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air vs liquid in higher ambient temps. - Page 3

post #21 of 29
yeah, the base of my bt wasn't exactly flat either, but I got 99% of it out by lapping it
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post #22 of 29
Thread Starter 
On that topic, I am going to go get my BT this weekend probably, I have never lapped before and all I've got around the house is a dremel. I don't have any precision measurement tools (to check for flatness). Is it ok to just do it visually or would I be better off just leaving well enough alone? Also, a good lapping FAQ/tutorial would rock.
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post #23 of 29
You need at least 1000 grit sand paper, and a piece of glass 12inch square, put your sand paper on the glass, and take your time and move in a figure 8 paturn, use a marker and put an X on the bottom of the heat sink. Once you make the mark disapear then your lapped.
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post #24 of 29
Thread Starter 
Sweet, that sounds easy and painless enough, should i repolish the sink after I lap it?
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post #25 of 29
see...i've lapped plenty of things....i go to autozone...get assorted high grit sandpaper....it contains 220, 400, 800, and 1000 grits. I also buy 2000 grit and i have a big tube of rubbing compound (but toothpaste works well too).

The best way to do this is wet sanding. Get yourself a piece of glass smaller than the length of the sandpaper. Wrap the sandpaper (started with your smallest grit count) around the glass and tape it VERY WELL(there is no such thing as too much tape). Put about a teaspoon of water on the sandpaper, and a drop of dish detergent. You can do it in a figure eight pattern or you can do it back and forth, turning it 90 degrees every 25-30 seconds, it's really a matter of preferance, but i've found that both ways work equally well.

Do each set of sandpaper for about 5 minutes apiece, or, if you eally want to make sure uyou did it righ, 7, but try not to do it too long, as your hands/arms will get weaker and apply uneaven pressure. After each set of sand paper, make sure to wipe off the abse of the heatsink to remove any copper/silver/aluminum dust and repeat all the way up the grits. You can hand polish with the 2k grit, as it really wont alter the flatness at all, and after the 2k, use rubbing compound or toothpaste for that mirror finish, and there you have it. up to 10C lower temps with 15 USD and a bit of elbow grease.
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post #26 of 29
Hey BysOn,

What you just described goes against the laws of physics. The only way to COOL air leaving your rig, or to cool air within your heat exchanging device, is with some sort of evaporating process which removes the incoming heat and discharges it somewhere else. Although air density will affect the heat exchange process itself, the heat which has been exchanged from one body must be transferred to another body. If it ends up back into the room (ambient), then in reality that heat just gets fed back into your rig. This is why evaporation cools an object, because that heat is transferred to another medium other than the device from which it has been originally removed. Granted, the concentration of heat from your processor chip has been reduced to a safe level, but that heat has simply been dissipated throughout the room in which your rig is located. You can still make a case for the air in the room being the body in which heat has been exchanged, and on that principle alone you would be correct. But, you would never be able to cool BELOW what the room (ambient) temp. is without some sort of evaporative process.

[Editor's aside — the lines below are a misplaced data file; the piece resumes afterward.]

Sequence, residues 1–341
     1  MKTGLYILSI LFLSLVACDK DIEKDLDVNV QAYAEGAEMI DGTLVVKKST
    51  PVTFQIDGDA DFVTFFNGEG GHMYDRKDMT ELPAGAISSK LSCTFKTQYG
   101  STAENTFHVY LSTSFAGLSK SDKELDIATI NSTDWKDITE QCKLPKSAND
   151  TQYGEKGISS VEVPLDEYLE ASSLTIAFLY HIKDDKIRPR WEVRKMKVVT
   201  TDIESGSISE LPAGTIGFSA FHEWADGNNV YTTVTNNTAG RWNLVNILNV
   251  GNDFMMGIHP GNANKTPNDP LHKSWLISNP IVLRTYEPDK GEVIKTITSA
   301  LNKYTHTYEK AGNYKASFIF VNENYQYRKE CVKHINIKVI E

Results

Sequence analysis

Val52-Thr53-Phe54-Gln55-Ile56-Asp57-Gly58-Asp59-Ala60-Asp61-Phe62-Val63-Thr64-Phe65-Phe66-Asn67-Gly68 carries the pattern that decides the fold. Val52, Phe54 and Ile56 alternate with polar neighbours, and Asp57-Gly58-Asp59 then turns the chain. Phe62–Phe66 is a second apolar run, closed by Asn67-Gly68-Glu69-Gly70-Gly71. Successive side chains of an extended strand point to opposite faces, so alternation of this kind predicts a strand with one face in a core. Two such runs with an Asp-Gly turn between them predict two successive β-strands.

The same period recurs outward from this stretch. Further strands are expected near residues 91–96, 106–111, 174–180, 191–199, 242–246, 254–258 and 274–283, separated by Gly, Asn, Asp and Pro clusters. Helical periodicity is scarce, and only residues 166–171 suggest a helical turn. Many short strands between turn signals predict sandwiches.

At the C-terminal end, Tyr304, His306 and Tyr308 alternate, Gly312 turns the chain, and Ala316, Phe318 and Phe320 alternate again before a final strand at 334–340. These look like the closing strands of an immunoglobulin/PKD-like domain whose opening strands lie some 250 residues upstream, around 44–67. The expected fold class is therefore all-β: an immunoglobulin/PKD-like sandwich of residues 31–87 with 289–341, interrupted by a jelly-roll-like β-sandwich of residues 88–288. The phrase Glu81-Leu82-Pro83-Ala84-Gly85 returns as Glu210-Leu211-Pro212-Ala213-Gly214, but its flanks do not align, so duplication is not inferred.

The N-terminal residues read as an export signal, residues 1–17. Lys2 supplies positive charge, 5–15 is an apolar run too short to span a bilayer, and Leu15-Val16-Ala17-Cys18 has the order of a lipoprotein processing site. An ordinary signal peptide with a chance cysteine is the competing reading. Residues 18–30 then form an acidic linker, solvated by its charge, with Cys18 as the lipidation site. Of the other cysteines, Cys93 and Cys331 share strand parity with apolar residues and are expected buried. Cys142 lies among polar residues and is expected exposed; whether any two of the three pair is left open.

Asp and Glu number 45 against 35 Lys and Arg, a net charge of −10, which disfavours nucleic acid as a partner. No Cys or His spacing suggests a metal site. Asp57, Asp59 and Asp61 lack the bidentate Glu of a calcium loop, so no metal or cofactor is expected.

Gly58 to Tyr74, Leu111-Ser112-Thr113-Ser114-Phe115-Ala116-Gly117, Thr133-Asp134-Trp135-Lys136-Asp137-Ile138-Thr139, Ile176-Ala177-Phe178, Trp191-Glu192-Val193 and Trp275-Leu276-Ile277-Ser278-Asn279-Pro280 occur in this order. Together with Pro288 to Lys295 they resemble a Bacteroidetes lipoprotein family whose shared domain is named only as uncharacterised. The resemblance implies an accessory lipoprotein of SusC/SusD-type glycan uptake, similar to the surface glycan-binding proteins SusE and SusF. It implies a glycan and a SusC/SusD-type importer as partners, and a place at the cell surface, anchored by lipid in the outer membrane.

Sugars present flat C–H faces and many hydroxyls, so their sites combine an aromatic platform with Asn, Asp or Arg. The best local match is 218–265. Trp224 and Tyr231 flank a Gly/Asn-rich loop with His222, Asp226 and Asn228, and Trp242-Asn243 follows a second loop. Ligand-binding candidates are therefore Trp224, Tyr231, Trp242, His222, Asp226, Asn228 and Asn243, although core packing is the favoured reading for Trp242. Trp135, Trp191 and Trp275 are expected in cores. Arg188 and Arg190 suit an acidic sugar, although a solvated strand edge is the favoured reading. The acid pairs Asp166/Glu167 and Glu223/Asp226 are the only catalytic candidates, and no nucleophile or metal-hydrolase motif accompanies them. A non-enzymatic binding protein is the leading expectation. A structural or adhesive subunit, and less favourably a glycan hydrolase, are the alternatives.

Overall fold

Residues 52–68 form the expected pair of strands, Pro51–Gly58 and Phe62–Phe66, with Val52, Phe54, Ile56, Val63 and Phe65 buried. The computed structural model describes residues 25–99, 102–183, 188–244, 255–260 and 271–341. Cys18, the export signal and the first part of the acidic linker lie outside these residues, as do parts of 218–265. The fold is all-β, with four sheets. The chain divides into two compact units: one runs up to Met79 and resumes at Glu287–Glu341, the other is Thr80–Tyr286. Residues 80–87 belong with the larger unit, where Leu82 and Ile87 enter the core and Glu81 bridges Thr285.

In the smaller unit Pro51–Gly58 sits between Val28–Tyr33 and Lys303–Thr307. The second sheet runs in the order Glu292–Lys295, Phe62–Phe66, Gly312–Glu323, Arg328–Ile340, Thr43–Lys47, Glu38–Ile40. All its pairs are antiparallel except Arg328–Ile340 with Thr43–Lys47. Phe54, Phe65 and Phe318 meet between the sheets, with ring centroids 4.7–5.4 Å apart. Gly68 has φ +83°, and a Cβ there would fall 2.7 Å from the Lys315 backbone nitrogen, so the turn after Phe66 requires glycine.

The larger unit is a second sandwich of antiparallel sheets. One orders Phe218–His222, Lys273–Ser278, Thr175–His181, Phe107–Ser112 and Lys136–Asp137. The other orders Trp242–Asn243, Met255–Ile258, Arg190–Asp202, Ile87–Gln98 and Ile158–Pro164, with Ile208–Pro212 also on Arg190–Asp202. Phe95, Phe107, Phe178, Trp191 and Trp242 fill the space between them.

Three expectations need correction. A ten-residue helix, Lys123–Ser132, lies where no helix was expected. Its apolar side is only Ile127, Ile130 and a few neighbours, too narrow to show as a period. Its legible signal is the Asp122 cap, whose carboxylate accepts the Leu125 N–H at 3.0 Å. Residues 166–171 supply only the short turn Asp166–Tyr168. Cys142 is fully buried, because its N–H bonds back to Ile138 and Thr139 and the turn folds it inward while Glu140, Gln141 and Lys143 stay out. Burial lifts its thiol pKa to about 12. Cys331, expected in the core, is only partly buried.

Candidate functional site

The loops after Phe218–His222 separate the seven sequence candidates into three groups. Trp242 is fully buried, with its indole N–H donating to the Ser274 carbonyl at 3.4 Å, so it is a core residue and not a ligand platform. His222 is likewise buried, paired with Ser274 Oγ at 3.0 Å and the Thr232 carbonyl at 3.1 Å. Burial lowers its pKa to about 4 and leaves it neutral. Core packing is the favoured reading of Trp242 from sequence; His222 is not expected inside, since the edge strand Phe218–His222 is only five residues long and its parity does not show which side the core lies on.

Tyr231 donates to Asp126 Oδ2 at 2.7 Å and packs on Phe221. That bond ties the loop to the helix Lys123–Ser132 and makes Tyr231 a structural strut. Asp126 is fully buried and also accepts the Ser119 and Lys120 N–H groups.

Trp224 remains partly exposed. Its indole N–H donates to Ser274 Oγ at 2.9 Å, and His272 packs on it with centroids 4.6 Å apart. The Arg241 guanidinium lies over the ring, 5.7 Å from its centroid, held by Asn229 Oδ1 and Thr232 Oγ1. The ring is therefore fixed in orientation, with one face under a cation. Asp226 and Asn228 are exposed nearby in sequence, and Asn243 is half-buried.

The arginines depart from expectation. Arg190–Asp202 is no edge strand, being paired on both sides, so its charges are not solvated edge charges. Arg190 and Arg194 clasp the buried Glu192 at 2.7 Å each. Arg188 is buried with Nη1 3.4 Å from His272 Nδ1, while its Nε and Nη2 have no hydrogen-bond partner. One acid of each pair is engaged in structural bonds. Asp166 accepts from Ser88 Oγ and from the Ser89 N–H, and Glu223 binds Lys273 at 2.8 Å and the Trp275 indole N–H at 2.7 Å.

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post #27 of 29
Thread Starter 
Thanks a million HardwaterH4ck3r; now all I have to do is find a place on Okinawa that I can get 1000+ grit sandpaper. The best I can get on base is 200 (and I'm pretty sure that would only make things worse).
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post #28 of 29
I went thru the same thing, And I though of it like this,

I'm always going to leave my computer on, so with water cooling I'd always be afraid as to when I left it on, because it could potentially leak.

Also, A lot of strange people use my computer, How am I to know they wont screw up some gasket or something and my whole computer fries?

The last point that made me stick to water cooling is, it seems easy, but setting it up and maintaining it is just way to meticulous. All the water coolers from what I've seen are pretty computer-ly inclined. I'd stick to a thermaltake big typhoon.





Just remember to lap your heatsink aswell as apply some good thermal compound to give best results with any type of cooling
    
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post #29 of 29
Thread Starter 
Well I just installed my TTBT and now my idle temp is ambient+1 (down 4C) and my LOAD temp is 37C (down 8-10C)! Can't wait 'till my zf700cu gets here
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